Interactions between chemical and climate stressors: A role for mechanistic toxicology in assessing climate change risks

Environmental Toxicology and Chemistry
By: , and 



Incorporation of global climate change (GCC) effects into assessments of chemical risk and injury requires integrated examinations of chemical and nonchemical stressors. Environmental variables altered by GCC (temperature, precipitation, salinity, pH) can influence the toxicokinetics of chemical absorption, distribution, metabolism, and excretion as well as toxicodynamic interactions between chemicals and target molecules. In addition, GCC challenges processes critical for coping with the external environment (water balance, thermoregulation, nutrition, and the immune, endocrine, and neurological systems), leaving organisms sensitive to even slight perturbations by chemicals when pushed to the limits of their physiological tolerance range. In simplest terms, GCC can make organisms more sensitive to chemical stressors, while alternatively, exposure to chemicals can make organisms more sensitive to GCC stressors. One challenge is to identify potential interactions between nonchemical and chemical stressors affecting key physiological processes in an organism. We employed adverse outcome pathways, constructs depicting linkages between mechanism-based molecular initiating events and impacts on individuals or populations, to assess how chemical- and climate-specific variables interact to lead to adverse outcomes. Case examples are presented for prospective scenarios, hypothesizing potential chemical–GCC interactions, and retrospective scenarios, proposing mechanisms for demonstrated chemical–climate interactions in natural populations. Understanding GCC interactions along adverse outcome pathways facilitates extrapolation between species or other levels of organization, development of hypotheses and focal areas for further research, and improved inputs for risk and resource injury assessments.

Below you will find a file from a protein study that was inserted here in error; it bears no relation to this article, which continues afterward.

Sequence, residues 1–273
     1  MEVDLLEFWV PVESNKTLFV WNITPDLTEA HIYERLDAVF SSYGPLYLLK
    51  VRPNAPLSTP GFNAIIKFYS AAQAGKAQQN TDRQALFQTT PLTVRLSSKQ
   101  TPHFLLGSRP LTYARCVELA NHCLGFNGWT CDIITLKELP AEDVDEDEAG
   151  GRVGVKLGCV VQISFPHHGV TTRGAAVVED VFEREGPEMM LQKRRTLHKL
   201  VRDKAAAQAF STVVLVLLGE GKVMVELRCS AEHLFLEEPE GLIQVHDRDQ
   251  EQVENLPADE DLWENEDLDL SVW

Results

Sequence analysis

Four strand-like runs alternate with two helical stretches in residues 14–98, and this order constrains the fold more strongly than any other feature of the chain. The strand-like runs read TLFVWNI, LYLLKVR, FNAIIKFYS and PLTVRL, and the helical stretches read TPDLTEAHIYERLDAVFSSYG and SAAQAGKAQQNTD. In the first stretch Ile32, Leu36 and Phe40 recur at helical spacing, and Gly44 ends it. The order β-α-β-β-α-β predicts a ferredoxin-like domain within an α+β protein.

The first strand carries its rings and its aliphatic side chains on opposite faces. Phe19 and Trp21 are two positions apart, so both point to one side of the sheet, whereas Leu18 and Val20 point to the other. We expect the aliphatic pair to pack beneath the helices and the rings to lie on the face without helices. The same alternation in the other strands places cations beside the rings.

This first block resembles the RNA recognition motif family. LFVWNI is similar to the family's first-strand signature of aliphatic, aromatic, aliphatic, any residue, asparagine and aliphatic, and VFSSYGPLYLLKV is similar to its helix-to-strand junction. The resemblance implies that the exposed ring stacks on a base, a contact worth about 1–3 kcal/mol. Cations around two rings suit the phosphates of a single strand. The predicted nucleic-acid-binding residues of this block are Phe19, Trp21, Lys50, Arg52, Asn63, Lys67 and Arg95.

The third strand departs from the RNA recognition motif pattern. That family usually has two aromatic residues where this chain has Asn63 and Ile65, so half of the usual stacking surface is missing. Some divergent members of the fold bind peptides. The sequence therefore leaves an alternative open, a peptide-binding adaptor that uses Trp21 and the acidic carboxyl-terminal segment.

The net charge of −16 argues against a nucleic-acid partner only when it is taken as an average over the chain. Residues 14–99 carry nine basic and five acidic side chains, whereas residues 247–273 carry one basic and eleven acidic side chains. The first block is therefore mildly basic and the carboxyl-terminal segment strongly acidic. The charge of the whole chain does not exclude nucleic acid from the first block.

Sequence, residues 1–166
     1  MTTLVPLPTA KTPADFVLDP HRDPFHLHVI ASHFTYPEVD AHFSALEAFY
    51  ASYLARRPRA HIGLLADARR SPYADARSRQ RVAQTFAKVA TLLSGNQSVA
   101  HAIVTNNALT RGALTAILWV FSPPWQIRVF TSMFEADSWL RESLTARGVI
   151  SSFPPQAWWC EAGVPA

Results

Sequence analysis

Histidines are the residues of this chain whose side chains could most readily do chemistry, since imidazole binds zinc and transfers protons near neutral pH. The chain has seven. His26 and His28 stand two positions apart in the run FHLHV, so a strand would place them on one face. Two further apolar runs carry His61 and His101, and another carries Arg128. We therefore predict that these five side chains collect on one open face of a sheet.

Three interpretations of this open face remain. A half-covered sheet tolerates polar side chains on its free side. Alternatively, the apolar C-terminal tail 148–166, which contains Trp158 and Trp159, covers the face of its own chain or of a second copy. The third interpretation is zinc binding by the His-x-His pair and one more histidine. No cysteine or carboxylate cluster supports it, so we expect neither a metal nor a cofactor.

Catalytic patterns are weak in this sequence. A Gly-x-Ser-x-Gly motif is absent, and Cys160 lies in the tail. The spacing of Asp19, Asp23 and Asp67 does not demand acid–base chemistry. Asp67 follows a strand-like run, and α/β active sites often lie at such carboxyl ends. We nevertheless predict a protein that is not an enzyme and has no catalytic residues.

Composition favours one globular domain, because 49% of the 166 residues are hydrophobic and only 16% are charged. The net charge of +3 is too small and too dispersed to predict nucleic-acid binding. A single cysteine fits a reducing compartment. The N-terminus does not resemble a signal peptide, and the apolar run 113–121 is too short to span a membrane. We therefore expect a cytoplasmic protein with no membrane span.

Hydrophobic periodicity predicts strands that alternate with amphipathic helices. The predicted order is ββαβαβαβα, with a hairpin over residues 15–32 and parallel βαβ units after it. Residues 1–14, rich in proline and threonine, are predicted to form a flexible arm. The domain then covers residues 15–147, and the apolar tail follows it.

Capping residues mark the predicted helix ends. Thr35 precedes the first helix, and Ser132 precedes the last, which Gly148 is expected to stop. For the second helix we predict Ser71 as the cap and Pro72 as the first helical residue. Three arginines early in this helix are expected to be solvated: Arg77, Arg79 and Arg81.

Additional publication details

Publication type Article
Publication Subtype Journal Article
Title Interactions between chemical and climate stressors: A role for mechanistic toxicology in assessing climate change risks
Series title Environmental Toxicology and Chemistry
DOI 10.1002/etc.2043
Volume 32
Issue 1
Year Published 2013
Language English
Publisher SETAC
Publisher location Brussels, Belgium
Contributing office(s) Columbia Environmental Research Center
Description 17 p.
First page 32
Last page 48
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